Netball is the growing sport trend for women – including those over 50

Whether you played centre, goal attack or wing defence, most of us girls will remember playing netball during our school years.

However, while many of us haven’t played since then, the sport has had some really positive growth recently.

Before the pandemic, netball was increasing in popularity and participation levels were at an all-time high.

England Netball, the national governing body responsible for the strategic plan for netball across the country, report that around 685,000 women and girls were taking to courts across the country in a typical week during the season.

England’s netball squad, the Vitality Roses, are ranked third in the world and since they won gold at the Commonwealth Games in April 2018, participation levels in netball have risen.

In fact, more than 160,000 Brits took up the game after the Vitality Netball World Cup in July 2020, according to YouGov data, and there was a significant increase in those aged 55 to 74-years-old taking part.

It is the second largest team sport for women after football and there are lots of reasons why playing netball is a brilliant workout.

The ASICS Uplifting Minds study found that stopping exercise for a week has the same effect on your mental wellbeing as seven nights of broken sleep, with significant falls in areas including confidence levels, energy and ability to cope with stress.

If you’re not a fan of the gym, or home exercise, signing up for a weekly game of netball (or any sporting activity for that matter) could help prevent this decline.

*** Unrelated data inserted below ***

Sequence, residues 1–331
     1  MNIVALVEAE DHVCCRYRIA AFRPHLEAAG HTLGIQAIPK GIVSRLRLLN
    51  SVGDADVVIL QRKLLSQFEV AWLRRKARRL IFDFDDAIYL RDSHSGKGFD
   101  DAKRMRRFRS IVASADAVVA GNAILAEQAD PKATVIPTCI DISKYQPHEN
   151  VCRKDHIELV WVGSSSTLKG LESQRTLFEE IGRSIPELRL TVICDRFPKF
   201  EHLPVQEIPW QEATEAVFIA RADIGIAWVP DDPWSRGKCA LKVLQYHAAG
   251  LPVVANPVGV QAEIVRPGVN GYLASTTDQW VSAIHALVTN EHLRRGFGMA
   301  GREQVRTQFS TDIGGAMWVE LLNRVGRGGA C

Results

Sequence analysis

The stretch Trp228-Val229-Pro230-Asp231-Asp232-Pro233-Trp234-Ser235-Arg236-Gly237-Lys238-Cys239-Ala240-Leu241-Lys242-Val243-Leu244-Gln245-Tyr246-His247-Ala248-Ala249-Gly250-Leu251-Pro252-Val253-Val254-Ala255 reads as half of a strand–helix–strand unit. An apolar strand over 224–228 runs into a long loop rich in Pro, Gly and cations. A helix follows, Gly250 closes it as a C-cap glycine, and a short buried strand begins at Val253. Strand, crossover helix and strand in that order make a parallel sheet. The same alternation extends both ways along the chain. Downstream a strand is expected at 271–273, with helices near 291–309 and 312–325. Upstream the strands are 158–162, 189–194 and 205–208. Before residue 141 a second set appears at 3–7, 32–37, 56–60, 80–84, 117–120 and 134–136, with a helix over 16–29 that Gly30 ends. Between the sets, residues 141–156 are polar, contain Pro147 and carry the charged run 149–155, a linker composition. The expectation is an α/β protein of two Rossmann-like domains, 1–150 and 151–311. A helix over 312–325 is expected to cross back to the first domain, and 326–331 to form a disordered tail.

The study also found that just 15 minutes and nine seconds is enough to significantly improve our state of mind and, with a game of netball split into four, 15-minute quarters, it n be uplifting even if you can’t play a full game.

For anyone who might need a recap, netball is typically played by two teams of seven and involves players passing a ball up and down a court while defending and attacking.

The aim is to shoot the ball through your opponent’s net, which stands on a 10ft-high metal post.

Players have to stick to specific zones on the court and once the ball is caught, you can only pivot with the ball. It’s fast-paced and skill, agility, balance and tactics are of the essence.

At the highest level, there are 11 teams which form the Vitality Netball Superleague, with nine from England, one from Scotland and one from Wales.

For everyday folk, there are approximately 3,500 member netball clubs across England with programmes on offer including Back To Netball, for those who haven’t played for a while and need a fun and friendly reintroduction to the sport, Walking Netball, a slower version of the game for all ages and abilities, and Netball Now, which are non-coached sessions where you just turn up and play.

‘School team sports can feel a bit Marmite in our memories: some love the camaraderie, others vividly remember being the last to be picked,’ says Dr Josephine Perry, a sport psychologist and founder of Performance In Mind.

‘When children are asked in surveys why they play sports, the number one answer is always “to have fun”.